Did you know that overtime situations may occur for both exempt and non-exempt employees?
Small business owners should be aware that there are certain situations that require time tracking for employees, even when workers are paid salaries. By having a firm grasp on current government standards and proposed rules, small business owners can better determine their time-tracking needs when it comes to exempt and non-exempt workers.
Exempt vs. Non-exempt
Before developing a time-tracking plan, small business owners should have a basic understanding of the difference between an exempt and non-exempt employment status as defined under the Fair Labor Standards Act (FLSA). Non-exempt employees are usually hourly workers who meet certain requirements set forth by the FLSA. However, there are some salaried workers who are non-exempt, too. As the DOL explains, non-exempt employees are classified as salaried workers who earn less than $455 per week or $23,660 per year.
On the other hand, employees who perform exempt job duties and are compensated at not less than $455 per week and paid on a salary basis are classified as exempt. (See 2020 figures below. *)
It is important to consider that overtime situations may occur for both exempt and non-exempt employees. Therefore, tracking time remains an important business function, regardless of employment status.
For instance, under the FLSA, when a non-exempt employee works more than 40 hours per week, the employer must pay workers "at a rate not less than time and one-half their regular rates of pay," according to the DOL. Individual states have their own overtime requirements that may require more generous compensation. Timekeeping is vital because small business owners can face compliance penalties and fines if overtime is not tracked or paid correctly for their hourly employees.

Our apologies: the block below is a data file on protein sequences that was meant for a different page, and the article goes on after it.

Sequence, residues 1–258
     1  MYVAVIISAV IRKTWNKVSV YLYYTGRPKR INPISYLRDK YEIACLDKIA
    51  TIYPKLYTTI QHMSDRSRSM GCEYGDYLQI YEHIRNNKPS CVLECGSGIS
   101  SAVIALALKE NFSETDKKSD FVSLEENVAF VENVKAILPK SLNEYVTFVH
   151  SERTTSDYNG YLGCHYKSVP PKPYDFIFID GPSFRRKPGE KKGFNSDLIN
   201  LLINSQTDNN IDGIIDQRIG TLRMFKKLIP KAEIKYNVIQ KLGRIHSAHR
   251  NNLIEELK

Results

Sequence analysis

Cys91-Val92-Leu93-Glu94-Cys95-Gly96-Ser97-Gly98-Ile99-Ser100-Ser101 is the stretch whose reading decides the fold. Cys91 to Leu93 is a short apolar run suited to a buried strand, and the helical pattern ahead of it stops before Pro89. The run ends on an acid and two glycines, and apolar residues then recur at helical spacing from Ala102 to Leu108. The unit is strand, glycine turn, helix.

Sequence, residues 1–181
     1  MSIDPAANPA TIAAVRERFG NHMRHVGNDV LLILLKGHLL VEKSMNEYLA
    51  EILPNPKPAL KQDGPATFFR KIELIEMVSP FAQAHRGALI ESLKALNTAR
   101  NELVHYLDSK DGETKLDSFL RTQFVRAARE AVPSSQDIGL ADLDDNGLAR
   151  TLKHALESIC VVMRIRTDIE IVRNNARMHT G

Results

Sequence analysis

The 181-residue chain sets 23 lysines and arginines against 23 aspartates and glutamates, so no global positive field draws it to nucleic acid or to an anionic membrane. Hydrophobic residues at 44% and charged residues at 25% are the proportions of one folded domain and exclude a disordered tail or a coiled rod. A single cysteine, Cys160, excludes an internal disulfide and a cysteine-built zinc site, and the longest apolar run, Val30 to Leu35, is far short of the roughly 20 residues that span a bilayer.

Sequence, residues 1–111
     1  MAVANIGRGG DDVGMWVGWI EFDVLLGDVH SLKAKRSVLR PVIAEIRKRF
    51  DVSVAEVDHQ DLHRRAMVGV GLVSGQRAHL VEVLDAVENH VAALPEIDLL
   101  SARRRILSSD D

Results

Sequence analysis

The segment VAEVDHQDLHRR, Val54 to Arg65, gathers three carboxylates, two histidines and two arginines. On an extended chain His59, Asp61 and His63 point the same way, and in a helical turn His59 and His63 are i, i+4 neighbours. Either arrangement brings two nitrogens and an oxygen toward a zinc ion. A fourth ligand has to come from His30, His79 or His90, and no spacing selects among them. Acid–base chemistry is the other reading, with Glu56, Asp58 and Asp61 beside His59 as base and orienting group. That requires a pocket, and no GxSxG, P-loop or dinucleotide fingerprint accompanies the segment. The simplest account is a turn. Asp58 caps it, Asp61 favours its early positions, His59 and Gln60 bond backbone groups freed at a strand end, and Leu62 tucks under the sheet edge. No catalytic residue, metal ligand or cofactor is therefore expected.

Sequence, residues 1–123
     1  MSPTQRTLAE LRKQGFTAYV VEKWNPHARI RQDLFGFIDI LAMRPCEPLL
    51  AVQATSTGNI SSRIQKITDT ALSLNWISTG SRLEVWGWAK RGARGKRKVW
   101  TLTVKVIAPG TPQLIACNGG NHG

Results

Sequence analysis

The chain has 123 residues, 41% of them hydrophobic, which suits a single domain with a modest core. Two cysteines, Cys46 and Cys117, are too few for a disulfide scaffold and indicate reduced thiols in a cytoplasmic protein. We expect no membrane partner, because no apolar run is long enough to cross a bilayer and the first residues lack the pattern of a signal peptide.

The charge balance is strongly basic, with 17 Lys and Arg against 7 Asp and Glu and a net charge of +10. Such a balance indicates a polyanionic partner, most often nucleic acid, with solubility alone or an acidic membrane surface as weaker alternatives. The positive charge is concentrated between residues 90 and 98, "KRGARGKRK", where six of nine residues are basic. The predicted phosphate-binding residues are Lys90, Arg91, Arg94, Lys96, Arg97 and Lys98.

On the other hand, small business owners may find that time tracking for employees is not always necessary, especially for salaried, exempt employees, since their pay is generally straightforward and determined by their salary. However, the Business and Technology Law Group explains that employers may choose to provide additional compensation to employees who work beyond what the company dictates to be a normal workweek. In this case, time tracking may be necessary, even for exempt workers. For example: time off needs to be accounted for and businesses should be able to track that employees are working when they are scheduled to work. It is a best practice to have a signed record of time worked.
Proposed Overtime Changes
Despite current FLSA standards, it is important to note that the DOL passed a rule effective January 1, 2020,* that increases salary level requirements for white-collar and highly compensated employees and expand overtime pay protections. This is something small business owners should keep in mind when planning time-tracking initiatives, since it could affect a greater number of employees.
Staying informed of government regulations can help you better understand when it is necessary to track the work hours of your employees and and pay them according to federal and state wage and hour laws. This can help mitigate risks to your business, but it may also help foster better decision-making that could positively affect your workforce management down the road.
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* On September 24, 2019, the United States Department of Labor (DOL) released its final rules for establishing the amounts required to be earned by an employee in order for that employee to be exempt from the Fair Labor Standards Act (FLSA) overtime requirements.
Under the final rule to be effective January 1, 2020, the amounts required to be earned by an employee for that employee to be exempt from the FLSA overtime requirements will be $684 per week ($35,568 annually).
The new salary level for a Highly Compensated Employee (HCE) will be increased to $107,432 from the current level of $100,000. Read the Eye on Washington to learn more.
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